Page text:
It’s no secret that AWS Lambda adoption has grown steadily since AWS first released it in 2015—and for good reason. The benefits of adopting Lambda are many: leveraging Lambda eliminates the need to provision and manage servers, enabling teams to just focus on their code without the mental and operational overhead of worrying about the underlying infrastructure. And from a cost perspective, Lambda allows teams to optimize for cyclical, bursty workloads instead of having to manage and pay for an over-provisioned infrastructure designed to accommodate seasonal traffic loads year-round.
Several vendors and analysts have recently reported accelerated adoption of Lambda among AWS users, including among the Blue Matador user base. In this post, we’ll share what we are seeing with Lambda adoption among our user base relative to what other vendors and analysts are reporting.
Recent industry reports of serverless computing adoption
- In February, Datadog released a report indicating that nearly half of Datadog customers that use AWShave now adopted Lambda (their definition of "adopting" Lambda is having five distinct Lambda functions). This percentage has grown to nearly 50%, but in January 2018 it was just over 20%. So a very rapid increase over the last two years!
- In December 2018, Ross Winser, senior research director at Gartner, predicted that “more than 20 percent of global enterprises will have deployed serverless computing technologies by 2020, which is an increase from less than 5 percent today.” Gartner’s Arun Chandrasekaran, distinguished vice president and analyst, followed up to say that adoption is inching close to the 20% this year but might fall slightly below prior expectations. “The adoption rate could be between 10% and 20% at this time,” he said. So Gartner’s forecast is much lower than what Datadog is seeing, but this is not an apples-to-apples comparison—Gartner’s percentage takes into account enterprises that are still on-prem, using other clouds etc. That being the case, getting to 20% usage of ALL global enterprises for a technology that was released only 5 years ago is pretty impressive.
- In Forrester’s 2019 Global Business Technographics Developer Survey, it noted that 49% of companies are using or plan to use serverless architecture in the next 12 months. Another impressive indication of the permissiveness of Lambda usage and adoption.
- Lastly, New Relic recently published a report that found that “serverless adoption among enterprises continues to rise with a 206% increase in average weekly invocations over the last 12 months. The enterprises using serverless in production are expanding their serverless footprint with a 178% increase of functions per account.” This data would indicate that not only is the rate of Lambda adoption increasing, but those that are using Lambda are expanding their usage at nearly a 3x rate.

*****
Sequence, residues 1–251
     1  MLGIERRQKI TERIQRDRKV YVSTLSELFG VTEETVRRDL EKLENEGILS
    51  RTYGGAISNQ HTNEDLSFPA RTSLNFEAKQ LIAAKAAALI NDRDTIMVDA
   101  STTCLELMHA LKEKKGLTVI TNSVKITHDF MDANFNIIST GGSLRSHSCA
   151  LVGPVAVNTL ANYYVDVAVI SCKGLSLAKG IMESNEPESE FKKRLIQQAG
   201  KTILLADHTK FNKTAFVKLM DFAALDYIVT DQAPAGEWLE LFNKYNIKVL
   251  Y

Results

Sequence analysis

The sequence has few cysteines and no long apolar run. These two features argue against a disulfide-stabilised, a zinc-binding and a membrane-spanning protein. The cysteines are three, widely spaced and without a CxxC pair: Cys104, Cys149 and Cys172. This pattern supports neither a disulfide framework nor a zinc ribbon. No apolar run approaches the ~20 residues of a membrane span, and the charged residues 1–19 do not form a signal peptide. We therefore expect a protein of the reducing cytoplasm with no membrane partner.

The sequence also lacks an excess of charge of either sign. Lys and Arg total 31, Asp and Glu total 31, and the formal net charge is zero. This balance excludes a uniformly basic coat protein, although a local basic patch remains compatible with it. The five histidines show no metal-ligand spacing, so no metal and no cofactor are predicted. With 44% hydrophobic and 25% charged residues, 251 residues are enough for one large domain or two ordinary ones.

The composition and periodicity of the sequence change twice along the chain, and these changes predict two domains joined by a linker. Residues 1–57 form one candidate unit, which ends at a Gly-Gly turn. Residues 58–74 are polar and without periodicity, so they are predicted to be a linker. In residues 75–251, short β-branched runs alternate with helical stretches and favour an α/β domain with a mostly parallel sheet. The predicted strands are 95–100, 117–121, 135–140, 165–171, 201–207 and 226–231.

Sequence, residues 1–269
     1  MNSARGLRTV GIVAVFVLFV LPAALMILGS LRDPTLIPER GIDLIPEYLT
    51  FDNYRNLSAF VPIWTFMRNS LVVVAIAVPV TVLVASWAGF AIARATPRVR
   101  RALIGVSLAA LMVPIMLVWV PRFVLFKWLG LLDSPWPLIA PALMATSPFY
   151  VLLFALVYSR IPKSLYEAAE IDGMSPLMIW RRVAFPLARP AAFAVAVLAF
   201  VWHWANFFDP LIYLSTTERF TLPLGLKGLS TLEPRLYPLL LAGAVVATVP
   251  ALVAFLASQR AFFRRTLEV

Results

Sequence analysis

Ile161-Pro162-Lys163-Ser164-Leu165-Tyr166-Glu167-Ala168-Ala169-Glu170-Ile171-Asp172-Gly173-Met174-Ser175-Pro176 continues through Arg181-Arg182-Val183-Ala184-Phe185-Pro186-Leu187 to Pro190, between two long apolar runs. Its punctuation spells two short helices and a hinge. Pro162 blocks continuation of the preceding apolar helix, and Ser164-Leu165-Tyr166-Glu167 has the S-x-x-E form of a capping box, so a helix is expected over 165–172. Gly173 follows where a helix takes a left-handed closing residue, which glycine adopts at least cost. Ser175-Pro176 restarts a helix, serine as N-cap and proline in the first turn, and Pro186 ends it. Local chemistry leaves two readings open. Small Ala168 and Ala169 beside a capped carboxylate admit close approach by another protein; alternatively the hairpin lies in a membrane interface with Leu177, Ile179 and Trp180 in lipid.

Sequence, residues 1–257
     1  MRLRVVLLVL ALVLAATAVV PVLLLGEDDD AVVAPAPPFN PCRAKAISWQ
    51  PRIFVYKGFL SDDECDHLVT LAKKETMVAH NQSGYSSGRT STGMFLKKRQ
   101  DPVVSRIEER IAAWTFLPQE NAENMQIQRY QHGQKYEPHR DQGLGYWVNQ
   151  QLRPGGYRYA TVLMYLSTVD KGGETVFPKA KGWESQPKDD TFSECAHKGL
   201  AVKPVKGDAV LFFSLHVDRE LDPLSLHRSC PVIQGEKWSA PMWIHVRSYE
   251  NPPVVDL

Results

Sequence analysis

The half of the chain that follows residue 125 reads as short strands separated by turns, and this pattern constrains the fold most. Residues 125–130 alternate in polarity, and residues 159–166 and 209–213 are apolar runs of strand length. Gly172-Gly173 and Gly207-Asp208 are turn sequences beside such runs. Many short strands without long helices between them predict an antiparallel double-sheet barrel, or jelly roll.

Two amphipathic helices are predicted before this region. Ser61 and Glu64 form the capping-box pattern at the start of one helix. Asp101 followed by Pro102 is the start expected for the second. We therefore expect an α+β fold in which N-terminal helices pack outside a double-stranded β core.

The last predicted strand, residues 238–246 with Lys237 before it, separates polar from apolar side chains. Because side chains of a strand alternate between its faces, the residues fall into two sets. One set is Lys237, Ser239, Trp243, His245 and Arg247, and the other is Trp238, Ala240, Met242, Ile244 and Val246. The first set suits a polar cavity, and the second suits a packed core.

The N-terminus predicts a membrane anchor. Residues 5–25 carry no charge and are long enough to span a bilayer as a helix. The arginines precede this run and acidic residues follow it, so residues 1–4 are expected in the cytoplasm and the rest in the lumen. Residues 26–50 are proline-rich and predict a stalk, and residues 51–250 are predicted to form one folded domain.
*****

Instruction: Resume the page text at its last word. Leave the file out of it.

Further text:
Lambda adoption among Blue Matador customers
We wanted to see how Lambda usage among Blue Matador users stacked up relative to the other reports and statistics mentioned above. This is what we found:
- 61% of Blue Matador customers that use AWS have 5 or more Lambda functions. Using Datadog’s definition of “Lambda adoption” (i.e. 5 or more Lambda functions), 61% of Blue Matador customers have adopted Lambda. We weren’t too surprised by this discrepancy. Small, fast-moving, innovative teams naturally gravitate to Blue Matador, and Datadog is likely serving more less-agile enterprises that don’t adopt new technologies as quickly.
- 26% of Blue Matador customers that use AWS use Lambda as their primary computing resource in production. Looking at our customers that are "all-in" on Lambda, 26% are using Lambda as their primary compute for their production workloads. So although a very high percentage of our customers have "adopted" Lambda, a relatively small number, 26%, have gone "all-in." But, anecdotally, we are seeing more and more examples of clients building new projects and workloads exclusively on Lambda, so we expect this percentage to continue to climb over time.
- 100% of Blue Matador customers that use AWS have at least one Lambda function. Perhaps the most surprising statistic is that all of our AWS clients have at least one Lambda in their account. This seems to be a good indicator that just about all organizations are dabbling in Lambda or thinking about serverless use cases for their organizations.
Considering Lambda is only 5 years old, it is very impressive to see the rate of adoption among our customer base and the supporting reports and statistics. And given the serverless-related questions we hear in product demos and interest we are seeing in our Lambda monitoring solution, we don’t foresee these trends stalling anytime soon.